Fun Family Activity: A Nature Walk Around the Block
When you're two-and-a-half feet tall and have only recently begun practicing the art of upright mobilization, the smallest of adventures qualify as epic journeys of discovery. Is it sunny, windy, rainy or snowy? Matters not. The world awaits, and Cabin Fever invites you to catch the excitement, too. Slow it down. Ditch your watch and clasp hands with a toddler.
It's time for a walk around the block.
It sounds so simple. But simple is something too easily neglected amidst schedules crammed with music classes and swim lessons and ice skating, with playgroups and preschool and grocery shopping and library trips and appointments galore. This morning is different. This morning, I find myself returning home from school drop-off with toddler in tow and nary a plan in sight.
We stare at each other in the kitchen. He half-heartedly empties a few drawers of their pots and pans. I finish a cup of coffee. The sun is shining. It's unseasonably warm. What, I suddenly wonder, are we doing indoors?
"Boots on! Outside!"
"'Side! 'Side!" Toddler races for the front hall. "Helping! Helping!" He gathers his coat, his hat, my running shoes, Daddy's Crocs, big sister's mittens. What the heck are we waiting for, Mama?
At the end of our walkway he gets to choose: which direction? Off he barrels, not quite believing his unexpected good fortune.
His days revolve around other people's schedules and require him to tolerate (barely) being strapped into a stroller or car seat on urgent errands, during which my most used word is "Hurry!"
There's no hurry, now. There's no agenda. There's no important destination nor impatient person waiting. There are two people, mother and son, and one simple goal: to follow the sidewalk all the way around till we find home again.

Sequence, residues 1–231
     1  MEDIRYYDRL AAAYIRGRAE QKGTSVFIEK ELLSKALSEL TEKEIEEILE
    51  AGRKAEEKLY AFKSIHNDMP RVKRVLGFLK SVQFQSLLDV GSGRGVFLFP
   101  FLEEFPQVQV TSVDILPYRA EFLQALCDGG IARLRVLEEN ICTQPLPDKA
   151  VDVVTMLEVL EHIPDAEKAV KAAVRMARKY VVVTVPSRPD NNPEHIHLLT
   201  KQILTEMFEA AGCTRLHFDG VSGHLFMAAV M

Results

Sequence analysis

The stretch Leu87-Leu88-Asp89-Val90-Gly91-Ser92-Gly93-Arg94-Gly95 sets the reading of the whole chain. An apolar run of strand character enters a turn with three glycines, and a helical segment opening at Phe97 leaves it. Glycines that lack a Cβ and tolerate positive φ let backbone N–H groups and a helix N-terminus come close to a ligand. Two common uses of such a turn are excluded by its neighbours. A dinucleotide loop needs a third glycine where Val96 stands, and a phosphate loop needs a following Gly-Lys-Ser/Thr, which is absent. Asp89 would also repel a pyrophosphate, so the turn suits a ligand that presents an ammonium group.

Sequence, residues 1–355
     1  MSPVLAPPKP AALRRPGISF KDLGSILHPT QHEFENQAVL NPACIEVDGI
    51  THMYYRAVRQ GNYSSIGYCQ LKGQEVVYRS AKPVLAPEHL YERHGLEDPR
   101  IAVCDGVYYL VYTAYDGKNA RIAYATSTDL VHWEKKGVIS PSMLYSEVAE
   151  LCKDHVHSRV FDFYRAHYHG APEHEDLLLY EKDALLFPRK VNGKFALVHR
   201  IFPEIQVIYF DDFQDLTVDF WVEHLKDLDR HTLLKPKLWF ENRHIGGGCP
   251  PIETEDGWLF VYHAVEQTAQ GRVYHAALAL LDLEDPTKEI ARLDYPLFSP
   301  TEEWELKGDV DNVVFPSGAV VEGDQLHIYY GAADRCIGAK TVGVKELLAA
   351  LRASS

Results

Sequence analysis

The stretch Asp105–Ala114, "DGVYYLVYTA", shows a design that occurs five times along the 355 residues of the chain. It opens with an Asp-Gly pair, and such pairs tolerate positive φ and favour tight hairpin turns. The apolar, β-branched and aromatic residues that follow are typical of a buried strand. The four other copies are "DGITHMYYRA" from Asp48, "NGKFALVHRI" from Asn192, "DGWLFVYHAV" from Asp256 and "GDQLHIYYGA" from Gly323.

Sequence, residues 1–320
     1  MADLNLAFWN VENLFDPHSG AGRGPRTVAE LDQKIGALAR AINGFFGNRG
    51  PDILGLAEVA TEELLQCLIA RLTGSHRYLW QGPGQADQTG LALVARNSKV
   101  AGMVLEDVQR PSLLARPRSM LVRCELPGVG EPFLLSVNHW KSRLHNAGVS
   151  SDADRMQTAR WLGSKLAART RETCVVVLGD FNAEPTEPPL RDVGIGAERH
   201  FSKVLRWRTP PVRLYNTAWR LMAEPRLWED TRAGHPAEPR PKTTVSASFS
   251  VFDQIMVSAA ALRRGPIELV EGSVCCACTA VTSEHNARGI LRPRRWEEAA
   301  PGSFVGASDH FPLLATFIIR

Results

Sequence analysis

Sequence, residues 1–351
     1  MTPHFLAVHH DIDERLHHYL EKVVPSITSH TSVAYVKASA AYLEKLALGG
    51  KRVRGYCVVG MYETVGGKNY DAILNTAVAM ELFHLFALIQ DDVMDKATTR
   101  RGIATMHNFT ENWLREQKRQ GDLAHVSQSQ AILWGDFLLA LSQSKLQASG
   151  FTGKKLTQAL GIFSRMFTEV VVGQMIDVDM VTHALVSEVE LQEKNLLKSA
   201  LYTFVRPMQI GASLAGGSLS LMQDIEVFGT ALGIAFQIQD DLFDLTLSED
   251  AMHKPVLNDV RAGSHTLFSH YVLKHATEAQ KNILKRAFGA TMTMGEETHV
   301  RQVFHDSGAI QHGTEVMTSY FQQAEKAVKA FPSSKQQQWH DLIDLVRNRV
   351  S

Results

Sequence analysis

At first, he's so flush with freedom he can't slow down. We dash past several houses and turn a corner. That's when he notices the rock. It's gigantic, stands taller than him, and does he ever want to climb it. I lift him onto the flat surface, and hope the business's owner won't object. Toddler skitters his boots in a dance of delight. Now this is the life.
And we're off again. "There. Big tree." I tilt my head back, like he's doing, and he's right: the tree is massive, branches stretching into a pale, empty sky. He squats to peruse a pair of pebbles. Every plant is identified as "flower, flower." Why correct him?
We say hello to the mail carrier.
We discover a cat, or, more precisely, the cat discovers us and rolls belly-up on the sidewalk. Toddler is giddy at this proximity. Some minutes pass. We find a pinwheel spinning in someone's front yard. Two dogs in sweaters approach and offer to lick our hands. He sees a stone statue of a girl with a basket, hears birds in the trees, picks up a dry orange leaf and crumples it between his palms. We stand. We wait and watch for a long while. I'm not sure what we're waiting for or watching, but he's intent.
And, then, suddenly, weary. We're nearly home. A piggy-back carries us the final half-block. We've been gone for over an hour. We've seen the world. It's small, after all.
Alternate walking locations: If you live rurally, substitute a long lane, or forge a path around the barn. If your environment is a crowded urban streetscape you'd prefer not to brave, head for the nearest park. In nasty weather, an indoor shopping mall works too. The goal is to leave your immediate surroundings and explore something new.
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Start by teaching him that it is safe to do so.